Exactly 25 years ago a group of young soldiers broke away from a military parade in Cairo.
They opened fire on the podium where President Anwar Sadat of Egypt, flanked by his top brass and foreign dignitaries, sat watching the annual commemoration of the most important event in his political career.
Sadat was assassinated while marking 6 October - the day the Egyptian army stunned the world in 1973 by launching an audaciously successful crossing of the Suez Canal, destroying Israeli fortifications and recapturing the eastern bank of the waterway.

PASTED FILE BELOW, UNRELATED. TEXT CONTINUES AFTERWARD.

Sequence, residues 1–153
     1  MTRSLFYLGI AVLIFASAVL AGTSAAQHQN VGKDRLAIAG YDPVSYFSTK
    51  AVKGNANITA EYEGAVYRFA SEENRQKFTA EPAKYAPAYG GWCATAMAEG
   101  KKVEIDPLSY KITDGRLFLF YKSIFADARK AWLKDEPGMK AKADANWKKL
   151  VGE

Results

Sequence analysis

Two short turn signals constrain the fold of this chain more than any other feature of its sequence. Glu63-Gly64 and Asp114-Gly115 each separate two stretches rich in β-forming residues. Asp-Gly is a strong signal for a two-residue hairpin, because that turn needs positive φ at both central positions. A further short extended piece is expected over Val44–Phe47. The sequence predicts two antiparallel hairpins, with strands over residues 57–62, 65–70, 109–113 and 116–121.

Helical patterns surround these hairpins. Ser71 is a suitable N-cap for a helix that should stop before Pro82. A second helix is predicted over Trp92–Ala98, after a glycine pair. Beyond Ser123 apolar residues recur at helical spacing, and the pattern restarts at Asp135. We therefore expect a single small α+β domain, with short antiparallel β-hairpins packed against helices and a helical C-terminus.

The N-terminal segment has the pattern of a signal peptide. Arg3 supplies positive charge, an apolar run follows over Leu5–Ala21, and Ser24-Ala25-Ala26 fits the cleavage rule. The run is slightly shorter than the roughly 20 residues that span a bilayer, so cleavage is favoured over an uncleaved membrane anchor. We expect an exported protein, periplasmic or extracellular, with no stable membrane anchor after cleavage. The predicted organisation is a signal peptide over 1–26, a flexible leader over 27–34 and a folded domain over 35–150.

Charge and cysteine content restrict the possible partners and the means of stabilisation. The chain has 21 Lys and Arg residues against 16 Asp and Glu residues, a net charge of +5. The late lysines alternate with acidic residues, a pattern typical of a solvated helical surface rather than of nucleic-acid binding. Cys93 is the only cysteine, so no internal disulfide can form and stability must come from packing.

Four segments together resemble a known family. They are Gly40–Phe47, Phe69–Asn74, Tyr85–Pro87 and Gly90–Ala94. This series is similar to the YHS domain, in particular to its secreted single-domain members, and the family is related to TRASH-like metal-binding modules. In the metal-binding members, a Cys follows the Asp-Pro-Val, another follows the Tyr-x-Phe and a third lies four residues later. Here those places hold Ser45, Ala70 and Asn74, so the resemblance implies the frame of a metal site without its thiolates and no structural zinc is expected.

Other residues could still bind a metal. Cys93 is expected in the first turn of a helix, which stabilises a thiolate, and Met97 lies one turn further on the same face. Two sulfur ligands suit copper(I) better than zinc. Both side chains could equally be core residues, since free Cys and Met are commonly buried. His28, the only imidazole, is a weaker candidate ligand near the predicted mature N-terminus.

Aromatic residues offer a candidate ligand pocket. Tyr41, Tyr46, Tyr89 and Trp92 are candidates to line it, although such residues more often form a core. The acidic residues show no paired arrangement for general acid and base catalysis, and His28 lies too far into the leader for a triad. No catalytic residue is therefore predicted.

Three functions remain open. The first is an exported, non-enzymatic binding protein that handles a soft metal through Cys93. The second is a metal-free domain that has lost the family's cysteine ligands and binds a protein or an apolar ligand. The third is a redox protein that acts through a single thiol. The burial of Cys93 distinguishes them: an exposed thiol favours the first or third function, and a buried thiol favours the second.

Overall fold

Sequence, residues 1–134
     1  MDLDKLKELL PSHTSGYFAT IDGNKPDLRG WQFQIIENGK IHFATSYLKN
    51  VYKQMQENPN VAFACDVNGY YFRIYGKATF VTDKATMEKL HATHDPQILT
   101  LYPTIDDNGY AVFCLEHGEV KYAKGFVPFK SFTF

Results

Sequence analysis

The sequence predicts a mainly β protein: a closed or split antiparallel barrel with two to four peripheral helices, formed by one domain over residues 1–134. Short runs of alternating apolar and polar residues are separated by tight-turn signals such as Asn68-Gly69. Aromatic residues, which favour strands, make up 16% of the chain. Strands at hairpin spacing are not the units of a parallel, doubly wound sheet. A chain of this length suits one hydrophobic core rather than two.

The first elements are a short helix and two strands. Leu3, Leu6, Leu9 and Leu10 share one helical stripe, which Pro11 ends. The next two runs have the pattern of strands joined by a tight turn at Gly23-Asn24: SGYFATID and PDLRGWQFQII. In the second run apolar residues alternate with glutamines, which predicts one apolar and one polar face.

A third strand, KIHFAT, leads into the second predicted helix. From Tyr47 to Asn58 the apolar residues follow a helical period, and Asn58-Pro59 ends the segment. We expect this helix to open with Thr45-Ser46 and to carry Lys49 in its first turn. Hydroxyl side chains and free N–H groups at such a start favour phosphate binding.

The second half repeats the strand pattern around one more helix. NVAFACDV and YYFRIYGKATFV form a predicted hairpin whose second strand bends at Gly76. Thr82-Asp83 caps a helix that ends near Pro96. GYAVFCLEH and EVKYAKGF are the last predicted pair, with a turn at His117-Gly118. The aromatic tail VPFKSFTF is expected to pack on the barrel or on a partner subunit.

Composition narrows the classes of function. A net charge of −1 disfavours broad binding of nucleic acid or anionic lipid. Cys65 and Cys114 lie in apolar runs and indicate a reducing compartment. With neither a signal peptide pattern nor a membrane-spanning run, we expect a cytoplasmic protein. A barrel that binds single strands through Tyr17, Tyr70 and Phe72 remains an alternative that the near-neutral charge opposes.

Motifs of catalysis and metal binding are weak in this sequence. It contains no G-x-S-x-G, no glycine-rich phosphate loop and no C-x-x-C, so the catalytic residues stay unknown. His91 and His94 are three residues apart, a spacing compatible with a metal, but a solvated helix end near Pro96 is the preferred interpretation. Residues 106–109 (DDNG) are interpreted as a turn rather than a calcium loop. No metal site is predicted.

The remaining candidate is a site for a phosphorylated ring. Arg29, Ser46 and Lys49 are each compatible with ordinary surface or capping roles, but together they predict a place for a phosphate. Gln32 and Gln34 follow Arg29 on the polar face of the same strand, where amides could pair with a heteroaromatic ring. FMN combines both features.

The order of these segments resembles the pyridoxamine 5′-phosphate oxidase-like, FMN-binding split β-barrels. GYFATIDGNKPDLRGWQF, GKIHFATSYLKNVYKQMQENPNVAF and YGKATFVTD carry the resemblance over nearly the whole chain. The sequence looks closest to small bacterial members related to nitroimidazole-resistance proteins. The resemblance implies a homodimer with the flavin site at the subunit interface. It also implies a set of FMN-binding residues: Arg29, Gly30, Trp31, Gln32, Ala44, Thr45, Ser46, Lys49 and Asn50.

It was the war that brought him glory at home. But it also carried the seeds of his downfall eight years later.